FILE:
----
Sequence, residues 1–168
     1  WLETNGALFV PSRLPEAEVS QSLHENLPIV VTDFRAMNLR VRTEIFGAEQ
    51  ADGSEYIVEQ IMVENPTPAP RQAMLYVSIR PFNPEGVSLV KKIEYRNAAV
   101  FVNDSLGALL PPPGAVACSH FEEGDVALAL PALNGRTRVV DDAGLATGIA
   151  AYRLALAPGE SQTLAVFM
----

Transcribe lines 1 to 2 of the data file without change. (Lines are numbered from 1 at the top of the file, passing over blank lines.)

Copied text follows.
Sequence, residues 1–168
     1  WLETNGALFV PSRLPEAEVS QSLHENLPIV VTDFRAMNLR VRTEIFGAEQ